Dear Boards of Medicine and Nursing,
I respectfully request that the Joint Boards consider that the General Assembly overwhelmingly approved the fundamental concepts of nurse practitioner (NP) transition to practice with the five-year post-licensure compromise. Any obstacles that limit these fundamental concepts should be minimized as they would not be consistent with the spirit of the legislation and bipartisan will of General Assembly.
The NP community acknowledges that the five-year post-licensure transition to practice requirement resulted from political compromise and is not based on any evidence. NPs are prepared at the graduate level and are deemed competent clinicians upon graduation and passage of national certification. Policy development without supporting evidence, results in variability as evidenced by the significant inconsistency between the transition to practice time requirements from state to state. Virginia is the outlier among all other states in the nation and as such will be in the spotlight as regulations are being promulgated.
It is requested that the Joint Boards bear in mind that NPs have unique skills and expertise that are complimentary to the physician and other team members on the patient care team. It is therefore not reasonable to expect that there would be an absolute overlay of the physician's area of practice and the NPs licensure and certification. We work in many settings with MDs, DOs and DPMs to illustrate this point. A broad interpretation of basic internal medicine education of any specialist physician must be considered sufficient to meet the requirement for practice in a patient population and practice area that the NP is licensed and certified.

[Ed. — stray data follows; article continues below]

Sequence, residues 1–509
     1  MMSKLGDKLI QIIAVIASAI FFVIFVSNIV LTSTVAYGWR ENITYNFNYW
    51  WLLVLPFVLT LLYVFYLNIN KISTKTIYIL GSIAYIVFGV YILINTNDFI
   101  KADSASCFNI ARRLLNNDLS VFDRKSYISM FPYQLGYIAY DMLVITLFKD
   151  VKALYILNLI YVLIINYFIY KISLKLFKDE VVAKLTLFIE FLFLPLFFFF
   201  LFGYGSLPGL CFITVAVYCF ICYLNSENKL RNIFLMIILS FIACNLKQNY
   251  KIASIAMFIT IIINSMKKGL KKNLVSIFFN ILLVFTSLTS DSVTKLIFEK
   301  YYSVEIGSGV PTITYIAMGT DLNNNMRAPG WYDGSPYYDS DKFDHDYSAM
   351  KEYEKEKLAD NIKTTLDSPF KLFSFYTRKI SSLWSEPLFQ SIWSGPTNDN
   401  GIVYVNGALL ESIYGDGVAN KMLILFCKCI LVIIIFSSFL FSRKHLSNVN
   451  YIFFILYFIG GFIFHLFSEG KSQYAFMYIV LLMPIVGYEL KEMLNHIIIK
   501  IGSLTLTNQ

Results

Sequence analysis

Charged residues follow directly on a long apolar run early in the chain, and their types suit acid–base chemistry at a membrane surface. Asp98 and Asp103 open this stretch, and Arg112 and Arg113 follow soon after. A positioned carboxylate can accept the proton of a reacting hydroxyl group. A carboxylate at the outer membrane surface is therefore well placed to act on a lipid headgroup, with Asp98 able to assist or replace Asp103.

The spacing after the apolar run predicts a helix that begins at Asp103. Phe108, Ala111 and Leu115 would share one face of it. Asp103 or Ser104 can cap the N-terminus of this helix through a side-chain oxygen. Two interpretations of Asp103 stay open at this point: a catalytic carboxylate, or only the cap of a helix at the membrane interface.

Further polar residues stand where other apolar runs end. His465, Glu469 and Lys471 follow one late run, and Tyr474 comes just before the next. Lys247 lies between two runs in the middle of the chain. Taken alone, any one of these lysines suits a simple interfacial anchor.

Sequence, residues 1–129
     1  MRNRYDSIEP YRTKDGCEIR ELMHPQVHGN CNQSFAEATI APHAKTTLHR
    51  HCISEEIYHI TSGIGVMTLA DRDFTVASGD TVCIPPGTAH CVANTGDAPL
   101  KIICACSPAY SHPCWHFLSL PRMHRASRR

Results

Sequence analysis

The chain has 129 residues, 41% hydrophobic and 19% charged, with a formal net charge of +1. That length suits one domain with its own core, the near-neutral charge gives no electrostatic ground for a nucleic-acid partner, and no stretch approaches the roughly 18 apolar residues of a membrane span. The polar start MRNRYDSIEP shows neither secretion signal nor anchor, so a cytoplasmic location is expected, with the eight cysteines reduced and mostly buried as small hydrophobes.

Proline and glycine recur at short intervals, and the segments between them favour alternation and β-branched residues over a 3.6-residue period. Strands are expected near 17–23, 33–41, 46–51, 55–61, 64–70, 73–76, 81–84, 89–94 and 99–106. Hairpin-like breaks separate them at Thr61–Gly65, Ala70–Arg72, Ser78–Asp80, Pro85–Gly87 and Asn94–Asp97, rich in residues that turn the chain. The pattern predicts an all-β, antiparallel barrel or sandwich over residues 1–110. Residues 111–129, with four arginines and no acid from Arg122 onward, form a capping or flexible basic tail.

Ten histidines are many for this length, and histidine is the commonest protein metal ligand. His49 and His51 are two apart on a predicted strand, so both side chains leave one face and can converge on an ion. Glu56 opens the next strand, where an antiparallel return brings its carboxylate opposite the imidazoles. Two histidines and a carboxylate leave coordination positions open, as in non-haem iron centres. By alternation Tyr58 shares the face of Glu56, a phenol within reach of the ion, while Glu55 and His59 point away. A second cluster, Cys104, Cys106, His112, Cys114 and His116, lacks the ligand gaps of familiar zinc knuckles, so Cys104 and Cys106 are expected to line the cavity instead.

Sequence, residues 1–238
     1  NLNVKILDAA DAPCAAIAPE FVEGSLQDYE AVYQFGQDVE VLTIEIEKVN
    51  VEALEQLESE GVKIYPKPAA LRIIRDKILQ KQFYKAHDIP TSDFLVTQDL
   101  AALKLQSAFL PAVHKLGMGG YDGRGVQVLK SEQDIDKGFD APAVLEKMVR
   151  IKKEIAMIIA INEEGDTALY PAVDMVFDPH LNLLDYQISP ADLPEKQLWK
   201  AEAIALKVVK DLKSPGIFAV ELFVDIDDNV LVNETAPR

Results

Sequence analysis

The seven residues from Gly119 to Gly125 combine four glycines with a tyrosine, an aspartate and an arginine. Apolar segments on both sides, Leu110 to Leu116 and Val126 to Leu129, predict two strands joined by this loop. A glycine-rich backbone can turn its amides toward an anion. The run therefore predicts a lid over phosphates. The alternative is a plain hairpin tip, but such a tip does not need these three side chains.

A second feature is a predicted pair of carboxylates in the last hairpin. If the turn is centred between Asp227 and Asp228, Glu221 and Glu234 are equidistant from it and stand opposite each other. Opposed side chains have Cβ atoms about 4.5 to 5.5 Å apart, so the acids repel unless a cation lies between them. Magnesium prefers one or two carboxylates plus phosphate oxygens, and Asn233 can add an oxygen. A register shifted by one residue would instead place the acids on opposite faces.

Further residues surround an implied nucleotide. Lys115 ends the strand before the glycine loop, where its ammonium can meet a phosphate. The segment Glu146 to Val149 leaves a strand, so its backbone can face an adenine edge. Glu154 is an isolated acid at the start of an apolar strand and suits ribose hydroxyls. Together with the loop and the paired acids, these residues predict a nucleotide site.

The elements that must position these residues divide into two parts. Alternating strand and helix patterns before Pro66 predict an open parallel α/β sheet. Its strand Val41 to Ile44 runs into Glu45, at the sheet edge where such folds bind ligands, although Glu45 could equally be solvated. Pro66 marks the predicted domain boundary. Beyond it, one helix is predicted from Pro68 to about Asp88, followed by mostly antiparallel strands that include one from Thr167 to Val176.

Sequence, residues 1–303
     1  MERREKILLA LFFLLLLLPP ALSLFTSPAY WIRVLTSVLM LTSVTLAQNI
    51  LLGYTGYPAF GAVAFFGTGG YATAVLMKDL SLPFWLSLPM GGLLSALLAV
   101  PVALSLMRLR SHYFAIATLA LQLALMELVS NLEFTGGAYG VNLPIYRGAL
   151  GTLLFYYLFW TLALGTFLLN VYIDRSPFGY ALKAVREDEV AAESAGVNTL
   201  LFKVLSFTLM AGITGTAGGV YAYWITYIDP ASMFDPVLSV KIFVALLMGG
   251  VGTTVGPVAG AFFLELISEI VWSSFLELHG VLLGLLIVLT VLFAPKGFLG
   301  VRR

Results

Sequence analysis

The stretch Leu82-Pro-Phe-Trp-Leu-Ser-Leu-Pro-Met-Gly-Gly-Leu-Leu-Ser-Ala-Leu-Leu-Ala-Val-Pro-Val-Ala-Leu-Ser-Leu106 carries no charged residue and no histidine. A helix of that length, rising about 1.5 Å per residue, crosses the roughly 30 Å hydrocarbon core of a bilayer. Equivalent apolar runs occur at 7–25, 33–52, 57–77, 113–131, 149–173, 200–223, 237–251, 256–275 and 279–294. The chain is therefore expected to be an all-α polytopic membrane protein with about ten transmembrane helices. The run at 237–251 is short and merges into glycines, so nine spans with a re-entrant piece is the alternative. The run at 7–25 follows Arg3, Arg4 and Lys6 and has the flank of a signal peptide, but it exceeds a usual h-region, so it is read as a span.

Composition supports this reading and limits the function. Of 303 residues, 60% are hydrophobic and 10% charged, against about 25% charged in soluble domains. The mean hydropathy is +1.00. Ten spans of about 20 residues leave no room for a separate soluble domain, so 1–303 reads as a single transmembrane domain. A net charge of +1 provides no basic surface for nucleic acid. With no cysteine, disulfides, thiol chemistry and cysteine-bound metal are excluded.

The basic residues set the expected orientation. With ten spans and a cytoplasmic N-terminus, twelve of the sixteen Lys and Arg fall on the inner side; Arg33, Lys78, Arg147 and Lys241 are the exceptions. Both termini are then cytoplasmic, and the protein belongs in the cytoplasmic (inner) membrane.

The board must consider the portability of professionals and that an NPs may have had several collaborating physicians during the required 5-year transition period. Therefore, the attestation needs to accommodate the names of several physicians and/or other evidence from entities such as practice administrators, employers, or credentialing documents, etc. based on individual circumstances. It is suggested that the boards consider formatting the attestation in a check list format for physicians to check the requirements specified in the law.
It is also suggested that the boards consider that NPs in any state or working for U.S. Armed Forces, U.S. Veterans Administration or the Public Health Service be able to submit evidence of the five-year equivalent post-licensure practice requirement with signature from an employer, a physician, a practice administrator, etc. when coming from another state to practice in Virginia. This will prevent bottlenecks to building the necessary provider workforce and equitable distribution in primary care delivery for underserved and vulnerable populations.
Thank you for considering my comments for promulgation of regulations for NPs in Virginia.
Cynthia M. Fagan, MSN, RN, FNP-BC